Pikillaqta is considered to be one of the best-known and well-kept pre-Inca cities in Peru. It is found 30 km. southeast of Cusco, over 3,350 meters high and covers a territory of approximately 50 ha.
Alfonsina Barrionuevo refers to Pikillacta in the following way: "The skirts of the Wayllonqa hill, where Pikillacta is found, an ancient pre-Inca city, shine like the sun. The flowers light up the ruins, which feature empty streets, gigantic plazas, two-story palaces and family housing. Hundreds of lizards scuttle around the ruins".
The site was named Pikillacta after the arrival of the spaniards. Its name in Inca times is unknown, but it is thought that it could have been Muyuna (going round in circles), Muyna or Mohina. This place is known today as Wakarpay and is part of Pikillacta complex.
Parts that make
up The Pikillacta Ruins
The City of
Pikillacta is a sign of great civilization, known for the extraordinary planning capability of its cities. It was built by the Wari culture, whose base was in Ayacucho.
Thanks to its size, Pikillacta is considered one of the main cities in ancient Peru. It is surrounded by aristocratic villas located across the plateau and the Wakarpay lakes.
Garcia Rosell observes two different architectural styles: quarry-stone walls and hewn stone walls probably built by the Wari culture. In 1,927, 40 turquoise idols were found, portraying human dressed in different robes and of incalculable value for the study of ancient Peruvian clothing. The idols measured 25-45 mm long.
This is the largest community after Pikillacta, located east of the complex, near the Vilcanota river.
The buildings have semi-circular shapes, and were built in an area of irregular topography. Part of it is in a high plateau and the other in a natural ravine.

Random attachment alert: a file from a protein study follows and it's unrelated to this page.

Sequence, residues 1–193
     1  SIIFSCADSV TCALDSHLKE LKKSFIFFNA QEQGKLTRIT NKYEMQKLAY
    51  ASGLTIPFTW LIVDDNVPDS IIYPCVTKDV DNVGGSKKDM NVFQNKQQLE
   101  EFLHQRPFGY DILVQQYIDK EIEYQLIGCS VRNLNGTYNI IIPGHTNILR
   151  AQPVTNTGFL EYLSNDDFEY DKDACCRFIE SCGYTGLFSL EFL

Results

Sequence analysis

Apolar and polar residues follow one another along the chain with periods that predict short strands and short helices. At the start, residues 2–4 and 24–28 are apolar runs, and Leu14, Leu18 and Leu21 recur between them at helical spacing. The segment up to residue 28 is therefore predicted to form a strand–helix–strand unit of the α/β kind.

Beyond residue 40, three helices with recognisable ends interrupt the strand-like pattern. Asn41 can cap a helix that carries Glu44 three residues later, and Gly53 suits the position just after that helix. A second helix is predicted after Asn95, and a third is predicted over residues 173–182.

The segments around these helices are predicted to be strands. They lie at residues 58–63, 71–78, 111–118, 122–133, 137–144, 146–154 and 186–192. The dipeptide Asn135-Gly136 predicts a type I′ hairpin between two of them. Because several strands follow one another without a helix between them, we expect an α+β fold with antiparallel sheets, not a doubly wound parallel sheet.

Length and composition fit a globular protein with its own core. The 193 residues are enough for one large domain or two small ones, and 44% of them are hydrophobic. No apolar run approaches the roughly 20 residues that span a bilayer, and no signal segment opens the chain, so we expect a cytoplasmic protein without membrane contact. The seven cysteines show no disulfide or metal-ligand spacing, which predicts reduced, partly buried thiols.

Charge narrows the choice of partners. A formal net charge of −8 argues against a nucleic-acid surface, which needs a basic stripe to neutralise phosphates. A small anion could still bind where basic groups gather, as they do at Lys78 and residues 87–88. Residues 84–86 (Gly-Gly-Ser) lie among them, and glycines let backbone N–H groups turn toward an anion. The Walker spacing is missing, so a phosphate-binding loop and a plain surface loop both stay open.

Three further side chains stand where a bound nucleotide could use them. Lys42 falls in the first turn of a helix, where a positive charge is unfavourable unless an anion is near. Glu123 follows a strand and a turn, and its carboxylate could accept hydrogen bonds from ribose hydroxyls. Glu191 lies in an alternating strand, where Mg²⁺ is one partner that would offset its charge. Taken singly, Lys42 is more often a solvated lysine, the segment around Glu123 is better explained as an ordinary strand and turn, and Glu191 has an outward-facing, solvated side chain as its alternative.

The ruins of Choquepucjio are one of the most important of the archaeological complex of Pikillacta. It is located on the left bank of the Watanay river.
It had huge walls with two to three-story living quarters and were made of stone mixed with mud, but the upper part was made just of mud-brick.
This place must have meant something like a "closed place with birds" and was an important place during Inca times since it has platforms of excellent quality. It is located on a small plateau at the foot of the mountain, east of the Lake Wakarpay.
Kunturqaqa is a rocky outcrop that extends over the Watanay river. It is located west of Pikillacta, on the left bank of the Watanay river.
It’s name translates a "Rock of the Condors" because of the shape of the rock, which has the shape of a condor’s head. But many wonder what was the true importance of this place.
Víctor Angles explains: "the place has a historic content here. Inca Wiracocha had two condors painted, one with a humble attitude with the wings in a trance flying away from Cusco, the other one with a warlike attitude as if moving towards Cusco. The first one symbolizes Yaguar Waqak, who abandoned Cusco and took refuge in Choquepucjio. The second represents Wiracocha, who from Chitapampa went to Mohina and returned to Cusco protect it from the Chancas, and so he did".
Amarupata means "serpent’s place", probably because there were a lot of these animals in the area. There is a large group of platforms located 1 km. southeast of Lucre on the outskirts of the Qosqoqhawarina hill. The magnificent canals still work.